It was, of course, a rhetorical question. The answer was no, but I didn’t say that. I was no Miltonian Lucifer; I had no romantic verses prepared, no winged rebels to back up my proclamation of non serviam. I was just a pre-teen boy churning the waters typical of bi-racial, bi-cultural children in America. So I said yes: yes, I did want to go to the mosque; I did believe in Hell. We lingered on the parkway shoulder in the silence my father used to express his anger, like the terrifying calm between two claps of thunder. Then he checked his side mirror, slipped back out onto the road, and we continued on to the Islamic community center where I’d spend the majority of Sundays until my senior year of high school.
Hell was both the most terrifying and most fascinating aspect of my religious education. Good people went to Heaven; bad people went to Hell. Heaven was clouds and wings and relatives; Hell was fire and monsters and Adolf Hitler. These were simple, obvious truths, tailor-made for a child’s mind.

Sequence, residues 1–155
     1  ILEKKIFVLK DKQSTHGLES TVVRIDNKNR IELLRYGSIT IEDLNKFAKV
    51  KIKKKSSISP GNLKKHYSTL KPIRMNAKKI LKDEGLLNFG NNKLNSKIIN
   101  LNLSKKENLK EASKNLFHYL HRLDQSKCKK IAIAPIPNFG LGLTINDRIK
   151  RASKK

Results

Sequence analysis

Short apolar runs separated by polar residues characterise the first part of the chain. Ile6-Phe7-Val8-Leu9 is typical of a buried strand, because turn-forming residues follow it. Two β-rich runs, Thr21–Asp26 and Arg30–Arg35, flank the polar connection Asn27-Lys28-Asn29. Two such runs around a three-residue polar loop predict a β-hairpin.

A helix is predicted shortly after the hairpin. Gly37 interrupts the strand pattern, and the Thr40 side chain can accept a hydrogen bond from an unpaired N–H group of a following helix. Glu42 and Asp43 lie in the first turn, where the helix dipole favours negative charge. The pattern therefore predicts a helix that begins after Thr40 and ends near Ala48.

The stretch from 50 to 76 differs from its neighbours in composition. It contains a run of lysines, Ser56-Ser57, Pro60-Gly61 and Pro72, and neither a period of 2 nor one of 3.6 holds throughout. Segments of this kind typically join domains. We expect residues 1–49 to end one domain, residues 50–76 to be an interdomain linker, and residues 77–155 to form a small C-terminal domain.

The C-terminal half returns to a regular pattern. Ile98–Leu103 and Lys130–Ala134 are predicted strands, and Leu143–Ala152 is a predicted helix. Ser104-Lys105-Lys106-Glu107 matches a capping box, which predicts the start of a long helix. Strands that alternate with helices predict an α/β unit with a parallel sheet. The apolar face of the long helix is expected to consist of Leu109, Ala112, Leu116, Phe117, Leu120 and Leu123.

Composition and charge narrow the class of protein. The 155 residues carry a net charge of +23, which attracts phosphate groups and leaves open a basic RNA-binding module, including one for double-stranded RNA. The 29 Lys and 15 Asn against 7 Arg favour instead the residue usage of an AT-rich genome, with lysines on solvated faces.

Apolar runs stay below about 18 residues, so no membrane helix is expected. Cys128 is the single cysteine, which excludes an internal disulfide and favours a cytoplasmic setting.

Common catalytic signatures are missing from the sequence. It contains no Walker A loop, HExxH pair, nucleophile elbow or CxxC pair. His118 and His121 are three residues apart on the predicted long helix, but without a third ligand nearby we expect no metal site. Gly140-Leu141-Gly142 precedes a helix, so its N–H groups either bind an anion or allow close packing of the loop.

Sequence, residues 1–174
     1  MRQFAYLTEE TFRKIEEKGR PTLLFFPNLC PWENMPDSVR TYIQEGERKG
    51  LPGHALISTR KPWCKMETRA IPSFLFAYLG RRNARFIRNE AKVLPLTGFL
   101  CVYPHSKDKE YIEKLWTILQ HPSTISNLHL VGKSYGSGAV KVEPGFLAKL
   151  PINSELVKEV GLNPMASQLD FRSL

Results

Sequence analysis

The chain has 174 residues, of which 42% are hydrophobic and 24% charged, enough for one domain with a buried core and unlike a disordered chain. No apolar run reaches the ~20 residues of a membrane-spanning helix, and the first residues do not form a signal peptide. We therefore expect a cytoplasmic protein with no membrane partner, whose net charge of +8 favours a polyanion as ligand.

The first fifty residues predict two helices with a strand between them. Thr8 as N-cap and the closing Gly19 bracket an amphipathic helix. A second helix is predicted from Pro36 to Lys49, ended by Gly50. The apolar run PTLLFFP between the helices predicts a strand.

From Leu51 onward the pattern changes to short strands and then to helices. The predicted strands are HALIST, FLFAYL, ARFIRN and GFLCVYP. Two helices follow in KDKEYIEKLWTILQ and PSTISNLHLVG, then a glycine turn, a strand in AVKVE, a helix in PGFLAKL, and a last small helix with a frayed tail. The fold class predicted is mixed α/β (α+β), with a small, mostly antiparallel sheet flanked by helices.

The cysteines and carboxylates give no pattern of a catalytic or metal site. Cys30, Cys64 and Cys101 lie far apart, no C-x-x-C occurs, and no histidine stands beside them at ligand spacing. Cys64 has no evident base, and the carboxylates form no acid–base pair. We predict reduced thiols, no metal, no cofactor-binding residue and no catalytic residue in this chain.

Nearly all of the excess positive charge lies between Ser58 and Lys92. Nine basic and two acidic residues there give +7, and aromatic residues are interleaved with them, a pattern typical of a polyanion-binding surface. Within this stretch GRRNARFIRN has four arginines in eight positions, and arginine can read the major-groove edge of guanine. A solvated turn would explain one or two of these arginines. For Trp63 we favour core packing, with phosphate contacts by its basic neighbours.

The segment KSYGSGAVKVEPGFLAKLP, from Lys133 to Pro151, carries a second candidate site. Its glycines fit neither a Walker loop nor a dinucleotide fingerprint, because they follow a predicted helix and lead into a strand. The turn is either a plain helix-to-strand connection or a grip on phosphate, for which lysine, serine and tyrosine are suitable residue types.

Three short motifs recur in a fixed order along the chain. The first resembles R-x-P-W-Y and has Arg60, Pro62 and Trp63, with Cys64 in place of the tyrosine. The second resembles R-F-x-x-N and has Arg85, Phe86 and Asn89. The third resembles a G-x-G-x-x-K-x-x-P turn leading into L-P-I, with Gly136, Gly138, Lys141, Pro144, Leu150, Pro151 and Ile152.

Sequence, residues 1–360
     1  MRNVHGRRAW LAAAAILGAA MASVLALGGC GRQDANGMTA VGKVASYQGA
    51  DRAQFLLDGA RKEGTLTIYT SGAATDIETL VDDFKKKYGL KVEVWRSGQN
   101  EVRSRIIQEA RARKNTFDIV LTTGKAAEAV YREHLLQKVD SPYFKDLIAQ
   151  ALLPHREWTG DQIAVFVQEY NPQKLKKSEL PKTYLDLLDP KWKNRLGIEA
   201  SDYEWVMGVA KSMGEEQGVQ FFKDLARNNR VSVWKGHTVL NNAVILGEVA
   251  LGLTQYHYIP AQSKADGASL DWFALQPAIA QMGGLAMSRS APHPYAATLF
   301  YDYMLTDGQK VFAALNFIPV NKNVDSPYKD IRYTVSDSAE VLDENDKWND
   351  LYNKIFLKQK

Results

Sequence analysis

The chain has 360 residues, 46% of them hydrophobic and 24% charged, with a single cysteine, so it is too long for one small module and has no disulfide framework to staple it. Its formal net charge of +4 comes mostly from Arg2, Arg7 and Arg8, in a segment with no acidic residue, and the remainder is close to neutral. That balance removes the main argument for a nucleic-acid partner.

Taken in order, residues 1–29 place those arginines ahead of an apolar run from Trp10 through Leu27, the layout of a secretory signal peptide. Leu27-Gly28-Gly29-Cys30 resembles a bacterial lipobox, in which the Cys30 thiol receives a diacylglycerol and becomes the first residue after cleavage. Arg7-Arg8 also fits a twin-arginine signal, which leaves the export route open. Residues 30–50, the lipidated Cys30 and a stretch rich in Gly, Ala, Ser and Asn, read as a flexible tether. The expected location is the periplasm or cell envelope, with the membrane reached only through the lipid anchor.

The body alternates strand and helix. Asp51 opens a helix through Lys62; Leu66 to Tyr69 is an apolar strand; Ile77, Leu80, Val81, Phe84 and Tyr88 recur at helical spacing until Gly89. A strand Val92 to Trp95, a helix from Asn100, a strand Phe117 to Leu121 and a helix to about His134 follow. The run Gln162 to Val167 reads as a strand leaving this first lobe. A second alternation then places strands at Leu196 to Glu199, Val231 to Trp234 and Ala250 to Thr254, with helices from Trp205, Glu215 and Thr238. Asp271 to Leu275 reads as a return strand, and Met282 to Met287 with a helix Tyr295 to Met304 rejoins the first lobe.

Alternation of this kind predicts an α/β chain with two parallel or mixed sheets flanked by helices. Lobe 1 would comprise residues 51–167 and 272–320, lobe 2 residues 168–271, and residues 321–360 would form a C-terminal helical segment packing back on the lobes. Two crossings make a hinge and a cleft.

It was the fire that stuck with me most. The “unquenchable fire” from the Book of Luke, the “lake of fire and brimstone” from the Book of Revelation, the “companions of the Fire” in the Quran’s seventh surah. The relationship between fire and Hell added a strange weight to the fires of my everyday life. I couldn’t help but think about Hell every time I saw a crackling fireplace, every time I heard the scratch of a match over unlit birthday candles. What would it be like to burn forever, with no reprieve? Would it feel like a melting marshmallow? Would it feel like my father’s pizza crust blackening on the grill? Eternal conflagrations—how could one stand to think about it? How could one stand not to think about it?